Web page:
'Operation Babylift' exhibit opens in San Francisco's Presidio

SAN FRANCISCO (KGO) -- A free exhibit opens Thursday night at the San Francisco Presidio, in a tribute to a historic event at the end of the Vietnam War. Forty years ago, the fall of Saigon prompted a huge evacuation of children. It was called "Operation Babylift."

The extraordinary story of the orphaned children in Vietnam lives on in this exhibit. About 150 people will attend the kickoff reception Thursday night, including adoptees, adoptee parents, medical personnel, and volunteers. They may not necessarily know each other, but they share a connection by being a part of this emotional experience.

VIDEO: ONLY ON ABC7NEWS.COM: 'Operation Babylift' marks 40th anniversary


Operation Babylift was a dramatic event in history. More than 2,000 children were rescued from their war torn country after Saigon fell in 1975. About 1,500 of those children passed through the Presidio before being adopted by American families. Their legacies live on through the exhibit that marks the 40th anniversary of Operation Babylift and the end of the Vietnam War.

"If you're over a certain generation you remember this, it was in the news," said Heritage Program Director Eric Blind. "It was very popular, but you may not have fully understood it. But it had a very profound effect."

The operation was not sanctioned by either the U.S. or Vietnam.

VIDEO: Survivors remember 'Operation Babylift' plane crash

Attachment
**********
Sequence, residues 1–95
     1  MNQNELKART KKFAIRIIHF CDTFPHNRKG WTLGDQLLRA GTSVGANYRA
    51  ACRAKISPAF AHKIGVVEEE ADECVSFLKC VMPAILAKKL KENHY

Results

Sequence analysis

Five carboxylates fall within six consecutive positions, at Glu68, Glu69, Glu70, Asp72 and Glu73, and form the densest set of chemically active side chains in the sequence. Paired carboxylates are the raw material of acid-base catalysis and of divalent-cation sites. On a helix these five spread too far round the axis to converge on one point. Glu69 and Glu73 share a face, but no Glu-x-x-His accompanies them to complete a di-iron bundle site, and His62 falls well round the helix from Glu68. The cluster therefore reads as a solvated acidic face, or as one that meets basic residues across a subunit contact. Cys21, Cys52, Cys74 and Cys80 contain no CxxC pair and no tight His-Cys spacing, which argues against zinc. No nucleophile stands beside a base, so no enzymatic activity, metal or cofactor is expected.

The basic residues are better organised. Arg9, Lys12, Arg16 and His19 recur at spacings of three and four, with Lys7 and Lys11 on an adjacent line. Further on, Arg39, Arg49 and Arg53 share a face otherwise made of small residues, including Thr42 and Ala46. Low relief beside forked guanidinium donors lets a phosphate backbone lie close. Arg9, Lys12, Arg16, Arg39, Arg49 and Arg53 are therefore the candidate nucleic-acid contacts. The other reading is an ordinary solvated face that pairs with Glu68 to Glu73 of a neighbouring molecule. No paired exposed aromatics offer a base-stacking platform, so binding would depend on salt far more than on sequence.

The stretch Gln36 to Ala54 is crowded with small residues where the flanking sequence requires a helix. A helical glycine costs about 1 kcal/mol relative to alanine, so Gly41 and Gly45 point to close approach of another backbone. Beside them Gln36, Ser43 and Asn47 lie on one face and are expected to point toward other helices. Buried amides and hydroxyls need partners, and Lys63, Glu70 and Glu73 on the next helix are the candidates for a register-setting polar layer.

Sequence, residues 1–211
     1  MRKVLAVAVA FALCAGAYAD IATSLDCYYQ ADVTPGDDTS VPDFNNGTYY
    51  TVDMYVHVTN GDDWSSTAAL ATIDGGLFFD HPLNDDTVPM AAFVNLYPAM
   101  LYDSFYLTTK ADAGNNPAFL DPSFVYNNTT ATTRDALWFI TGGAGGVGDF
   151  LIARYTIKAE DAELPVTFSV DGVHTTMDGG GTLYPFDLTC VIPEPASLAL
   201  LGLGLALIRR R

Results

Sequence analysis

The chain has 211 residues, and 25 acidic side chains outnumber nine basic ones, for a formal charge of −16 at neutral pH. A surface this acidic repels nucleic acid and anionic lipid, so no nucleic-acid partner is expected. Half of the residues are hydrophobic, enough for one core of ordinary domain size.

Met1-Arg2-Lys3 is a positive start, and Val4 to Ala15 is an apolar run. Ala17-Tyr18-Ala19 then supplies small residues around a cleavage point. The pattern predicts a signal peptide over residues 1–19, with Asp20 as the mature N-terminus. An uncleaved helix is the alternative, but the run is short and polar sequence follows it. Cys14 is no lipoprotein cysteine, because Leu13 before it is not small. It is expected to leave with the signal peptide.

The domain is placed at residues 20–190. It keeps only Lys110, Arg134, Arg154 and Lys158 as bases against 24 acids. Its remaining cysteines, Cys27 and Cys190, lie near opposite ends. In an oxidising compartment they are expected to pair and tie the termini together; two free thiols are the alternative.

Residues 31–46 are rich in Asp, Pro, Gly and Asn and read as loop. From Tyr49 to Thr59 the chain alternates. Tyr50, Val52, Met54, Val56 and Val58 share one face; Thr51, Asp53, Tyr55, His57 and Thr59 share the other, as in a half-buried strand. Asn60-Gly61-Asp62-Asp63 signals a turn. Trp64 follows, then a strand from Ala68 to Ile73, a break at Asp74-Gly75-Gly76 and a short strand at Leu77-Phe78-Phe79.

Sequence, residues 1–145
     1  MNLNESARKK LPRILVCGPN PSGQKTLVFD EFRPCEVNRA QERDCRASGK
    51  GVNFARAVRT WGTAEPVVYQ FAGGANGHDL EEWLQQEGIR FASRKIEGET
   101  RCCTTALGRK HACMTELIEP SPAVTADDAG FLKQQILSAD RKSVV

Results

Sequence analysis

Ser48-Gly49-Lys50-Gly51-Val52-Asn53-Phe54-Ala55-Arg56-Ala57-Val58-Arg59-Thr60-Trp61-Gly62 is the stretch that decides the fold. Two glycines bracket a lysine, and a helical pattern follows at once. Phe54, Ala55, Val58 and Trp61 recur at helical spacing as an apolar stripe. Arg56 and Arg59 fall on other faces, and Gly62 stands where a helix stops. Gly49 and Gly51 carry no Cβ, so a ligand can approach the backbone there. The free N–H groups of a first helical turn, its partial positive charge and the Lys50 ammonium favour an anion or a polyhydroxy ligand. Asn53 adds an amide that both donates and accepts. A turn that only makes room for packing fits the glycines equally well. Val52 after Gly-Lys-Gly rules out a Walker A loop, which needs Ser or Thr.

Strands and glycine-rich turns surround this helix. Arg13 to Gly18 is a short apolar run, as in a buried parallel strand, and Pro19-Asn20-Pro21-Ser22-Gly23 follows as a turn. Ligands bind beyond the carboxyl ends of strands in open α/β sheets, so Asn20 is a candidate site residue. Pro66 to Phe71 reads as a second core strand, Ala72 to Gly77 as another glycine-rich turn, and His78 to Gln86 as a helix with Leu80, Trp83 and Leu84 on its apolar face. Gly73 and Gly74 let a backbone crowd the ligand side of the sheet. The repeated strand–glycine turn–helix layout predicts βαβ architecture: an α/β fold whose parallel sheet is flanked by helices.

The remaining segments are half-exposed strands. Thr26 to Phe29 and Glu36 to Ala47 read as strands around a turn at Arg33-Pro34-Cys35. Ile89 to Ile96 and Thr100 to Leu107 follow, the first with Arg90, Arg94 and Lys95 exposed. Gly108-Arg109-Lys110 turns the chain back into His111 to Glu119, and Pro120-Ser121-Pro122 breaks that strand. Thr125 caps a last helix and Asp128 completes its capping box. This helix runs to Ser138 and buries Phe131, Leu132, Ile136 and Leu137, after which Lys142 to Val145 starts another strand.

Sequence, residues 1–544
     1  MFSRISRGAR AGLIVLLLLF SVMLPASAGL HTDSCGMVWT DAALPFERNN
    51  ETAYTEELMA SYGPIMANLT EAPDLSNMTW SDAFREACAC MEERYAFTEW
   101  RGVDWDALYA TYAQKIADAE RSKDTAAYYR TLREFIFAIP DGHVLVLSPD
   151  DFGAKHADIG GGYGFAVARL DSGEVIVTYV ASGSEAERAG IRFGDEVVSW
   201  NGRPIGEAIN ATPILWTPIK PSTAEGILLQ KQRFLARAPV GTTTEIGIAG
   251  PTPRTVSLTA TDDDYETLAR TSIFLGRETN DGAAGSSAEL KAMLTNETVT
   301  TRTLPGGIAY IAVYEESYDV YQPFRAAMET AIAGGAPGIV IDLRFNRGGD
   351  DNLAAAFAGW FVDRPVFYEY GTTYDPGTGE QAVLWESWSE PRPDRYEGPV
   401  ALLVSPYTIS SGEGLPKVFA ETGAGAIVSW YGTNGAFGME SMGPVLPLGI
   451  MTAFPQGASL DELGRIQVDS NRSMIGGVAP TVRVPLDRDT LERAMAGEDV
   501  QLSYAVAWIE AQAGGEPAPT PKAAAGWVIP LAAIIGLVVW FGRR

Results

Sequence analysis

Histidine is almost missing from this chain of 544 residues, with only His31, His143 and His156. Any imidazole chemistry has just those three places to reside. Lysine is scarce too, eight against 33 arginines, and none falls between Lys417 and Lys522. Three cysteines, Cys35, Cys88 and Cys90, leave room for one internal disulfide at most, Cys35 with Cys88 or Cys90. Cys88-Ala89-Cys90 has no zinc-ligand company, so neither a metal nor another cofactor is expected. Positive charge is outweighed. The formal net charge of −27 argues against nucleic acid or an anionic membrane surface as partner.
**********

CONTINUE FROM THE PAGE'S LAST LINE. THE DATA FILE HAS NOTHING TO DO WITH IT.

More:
Clarita Arguillon's husband was on the first government authorized operation that ended in a deadly crash.

"He was a crewmember, he was a loadmaster, and he died," she said. "He was on bottom. When he left he didn't tell me. It was supposed to be a secret mission because by that time, the Air Force had already pulled out of Vietnam."

This undated image featured in the "Operation Babylift" exhibit in San Francisco's Presidio shows a man carrying a child from a plane.


Artifacts, photos, and a multimedia timeline tell the story through different perspectives and voices including adoptee parents, volunteers who cared for the cared for the children, and Vietnam veterans

"This was quite an extraordinary effort," Blind said. "I think one of the things that's hallmark is kinda the courage it took to take on a topic like this. You know, the war in Vietnam is kind of a raw nerve in American society; and then to add on that, the complexity of adoption. And the people that people demonstrated the most courage were the adoptees themselves, who shared their personal stories."

The exhibit will be on display until December. It's open Tuesday through Sunday 10 a.m. to 6 p.m. and is free to the public. Click here for details.
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